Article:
Not just the types and industries, the subscription models also come with varying conversion rates. If you’re confused when choosing the best subscription model for your brand, take into account the conversion rate, as well. Out of the three types of subscriptions, replenishment services have the highest conversion rate—65%, followed by curation and access subscriptions at 52% and 51% respectively:
DTC brands winning with subscriptions
The DTC space is filled with brands that have propelled themselves to ecommerce stardom with subscription models uniquely suited to the value they were offering.
These case studies can teach us how they grabbed the opportunity with both hands and adopted unconventional strategies to create buzz.
Replenishment subscription: Dollar Shave Club
DTC men’s grooming products brand Dollar Shave Club is probably the most famous example of a replenishment subscription brand.
After starting with the humble razor in 2012, Dollar Shave Club quickly reached a revenue of $4 million before being acquired by Unilever in 2016.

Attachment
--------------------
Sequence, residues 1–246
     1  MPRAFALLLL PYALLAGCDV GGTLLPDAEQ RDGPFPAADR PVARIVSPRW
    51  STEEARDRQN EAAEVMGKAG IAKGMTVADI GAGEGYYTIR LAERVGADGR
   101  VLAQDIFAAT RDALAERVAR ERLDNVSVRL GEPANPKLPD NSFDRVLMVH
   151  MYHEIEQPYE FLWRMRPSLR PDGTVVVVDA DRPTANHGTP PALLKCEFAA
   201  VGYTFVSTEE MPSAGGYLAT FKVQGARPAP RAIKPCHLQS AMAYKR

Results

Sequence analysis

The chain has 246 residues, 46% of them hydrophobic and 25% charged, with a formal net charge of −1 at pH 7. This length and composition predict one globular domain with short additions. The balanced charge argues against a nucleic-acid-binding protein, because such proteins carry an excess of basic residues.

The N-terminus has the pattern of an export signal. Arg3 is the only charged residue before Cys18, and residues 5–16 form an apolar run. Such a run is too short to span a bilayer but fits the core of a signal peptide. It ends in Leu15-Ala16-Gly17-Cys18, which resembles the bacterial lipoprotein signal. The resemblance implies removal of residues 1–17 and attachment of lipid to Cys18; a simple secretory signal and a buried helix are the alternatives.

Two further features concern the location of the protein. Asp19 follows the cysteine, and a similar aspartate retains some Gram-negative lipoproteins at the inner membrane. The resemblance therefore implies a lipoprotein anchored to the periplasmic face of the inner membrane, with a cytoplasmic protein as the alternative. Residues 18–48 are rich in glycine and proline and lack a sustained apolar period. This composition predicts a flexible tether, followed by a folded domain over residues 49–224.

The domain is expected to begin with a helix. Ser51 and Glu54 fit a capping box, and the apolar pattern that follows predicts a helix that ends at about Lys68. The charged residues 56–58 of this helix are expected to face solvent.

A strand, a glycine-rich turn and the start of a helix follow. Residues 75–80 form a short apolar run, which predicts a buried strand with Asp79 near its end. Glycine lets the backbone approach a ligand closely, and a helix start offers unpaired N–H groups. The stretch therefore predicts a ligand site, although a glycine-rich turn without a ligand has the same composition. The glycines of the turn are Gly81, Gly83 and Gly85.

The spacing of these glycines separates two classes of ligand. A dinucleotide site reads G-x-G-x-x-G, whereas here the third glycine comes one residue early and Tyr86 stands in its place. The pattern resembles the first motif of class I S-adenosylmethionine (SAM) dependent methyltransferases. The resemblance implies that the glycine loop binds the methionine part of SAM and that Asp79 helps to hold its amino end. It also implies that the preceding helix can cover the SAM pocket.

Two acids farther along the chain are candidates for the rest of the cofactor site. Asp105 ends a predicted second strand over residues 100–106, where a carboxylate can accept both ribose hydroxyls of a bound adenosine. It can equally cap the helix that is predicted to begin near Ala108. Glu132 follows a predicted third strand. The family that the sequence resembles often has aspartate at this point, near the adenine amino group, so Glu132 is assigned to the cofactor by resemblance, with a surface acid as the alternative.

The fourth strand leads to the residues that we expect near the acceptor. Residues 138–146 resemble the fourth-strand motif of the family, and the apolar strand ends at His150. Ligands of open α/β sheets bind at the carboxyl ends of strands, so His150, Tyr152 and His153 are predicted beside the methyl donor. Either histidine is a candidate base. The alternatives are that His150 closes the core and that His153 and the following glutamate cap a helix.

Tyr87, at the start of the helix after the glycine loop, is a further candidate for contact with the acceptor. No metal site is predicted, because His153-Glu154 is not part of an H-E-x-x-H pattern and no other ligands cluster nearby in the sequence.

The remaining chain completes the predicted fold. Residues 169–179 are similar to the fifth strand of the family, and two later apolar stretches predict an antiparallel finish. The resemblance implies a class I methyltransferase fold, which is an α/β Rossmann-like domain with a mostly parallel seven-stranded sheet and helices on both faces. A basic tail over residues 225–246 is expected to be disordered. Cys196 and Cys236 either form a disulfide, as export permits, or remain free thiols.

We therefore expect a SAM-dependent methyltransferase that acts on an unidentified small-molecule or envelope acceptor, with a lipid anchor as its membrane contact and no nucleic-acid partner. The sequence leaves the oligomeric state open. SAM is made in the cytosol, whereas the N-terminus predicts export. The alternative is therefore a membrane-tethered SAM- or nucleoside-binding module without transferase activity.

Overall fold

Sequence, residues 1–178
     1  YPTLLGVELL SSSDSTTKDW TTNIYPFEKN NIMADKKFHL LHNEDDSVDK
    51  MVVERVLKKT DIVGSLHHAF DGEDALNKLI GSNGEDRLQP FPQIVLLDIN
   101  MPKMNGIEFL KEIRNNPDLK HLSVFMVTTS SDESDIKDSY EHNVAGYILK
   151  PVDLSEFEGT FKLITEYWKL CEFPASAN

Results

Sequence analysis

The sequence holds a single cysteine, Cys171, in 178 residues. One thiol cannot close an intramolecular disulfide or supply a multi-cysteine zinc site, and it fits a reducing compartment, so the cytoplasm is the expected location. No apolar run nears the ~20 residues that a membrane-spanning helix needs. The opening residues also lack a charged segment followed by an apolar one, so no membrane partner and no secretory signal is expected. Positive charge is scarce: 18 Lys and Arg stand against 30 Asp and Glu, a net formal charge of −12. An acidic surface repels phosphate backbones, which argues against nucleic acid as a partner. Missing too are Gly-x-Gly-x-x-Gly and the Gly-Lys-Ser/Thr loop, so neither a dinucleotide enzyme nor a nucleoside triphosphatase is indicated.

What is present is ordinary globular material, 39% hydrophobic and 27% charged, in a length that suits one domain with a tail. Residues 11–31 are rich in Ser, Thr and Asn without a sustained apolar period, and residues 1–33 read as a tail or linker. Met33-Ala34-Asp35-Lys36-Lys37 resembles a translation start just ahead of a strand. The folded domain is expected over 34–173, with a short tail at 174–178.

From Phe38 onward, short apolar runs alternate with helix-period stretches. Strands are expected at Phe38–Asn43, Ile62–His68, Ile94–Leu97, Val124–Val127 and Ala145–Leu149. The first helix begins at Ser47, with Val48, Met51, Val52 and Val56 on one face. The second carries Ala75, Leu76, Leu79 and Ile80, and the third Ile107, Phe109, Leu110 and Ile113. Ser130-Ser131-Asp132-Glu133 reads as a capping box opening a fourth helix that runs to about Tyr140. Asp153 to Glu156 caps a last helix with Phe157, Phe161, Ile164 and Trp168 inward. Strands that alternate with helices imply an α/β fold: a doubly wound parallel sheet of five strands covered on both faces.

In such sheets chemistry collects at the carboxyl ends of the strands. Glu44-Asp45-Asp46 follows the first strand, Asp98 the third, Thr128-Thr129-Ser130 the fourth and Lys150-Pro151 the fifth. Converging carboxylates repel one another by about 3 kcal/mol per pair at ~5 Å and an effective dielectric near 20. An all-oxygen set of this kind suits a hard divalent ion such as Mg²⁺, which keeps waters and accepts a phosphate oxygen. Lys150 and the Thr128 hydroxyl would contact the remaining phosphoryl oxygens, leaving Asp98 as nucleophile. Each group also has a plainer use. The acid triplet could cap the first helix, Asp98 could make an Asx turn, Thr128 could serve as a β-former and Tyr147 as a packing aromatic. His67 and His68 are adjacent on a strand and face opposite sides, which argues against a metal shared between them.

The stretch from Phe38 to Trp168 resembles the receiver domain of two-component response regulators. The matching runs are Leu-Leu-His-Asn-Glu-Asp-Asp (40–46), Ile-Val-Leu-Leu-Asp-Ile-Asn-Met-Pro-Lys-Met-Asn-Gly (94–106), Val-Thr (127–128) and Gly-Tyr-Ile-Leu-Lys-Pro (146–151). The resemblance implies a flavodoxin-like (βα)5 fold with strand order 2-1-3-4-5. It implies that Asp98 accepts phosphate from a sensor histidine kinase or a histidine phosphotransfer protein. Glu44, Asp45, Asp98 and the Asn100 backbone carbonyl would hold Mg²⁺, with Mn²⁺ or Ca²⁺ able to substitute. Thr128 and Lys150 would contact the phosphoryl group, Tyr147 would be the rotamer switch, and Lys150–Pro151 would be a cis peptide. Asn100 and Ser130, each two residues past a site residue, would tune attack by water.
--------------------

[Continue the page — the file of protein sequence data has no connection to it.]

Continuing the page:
They pivoted their value proposition on three core tenets: price, quality, and convenience. With this, they managed to take on a well-established brand like Gillette.
At the time of launch, they offered the subscription of razors at an attractive low cost of $1 (excluding shipping) without a drop in quality. They were successful in communicating their offering to men in their 30s who wanted a quality shave at a low price and valued convenience.
As a result, they managed to get 12,000 subscribers within 24 hours of launch and disrupted an existing industry.
DSC’s subscription model in an industry dominated by big players with relatively costly offerings proved that out-of-the-box thinking can quickly displace the status quo if you have a solid product and engaging communication strategy.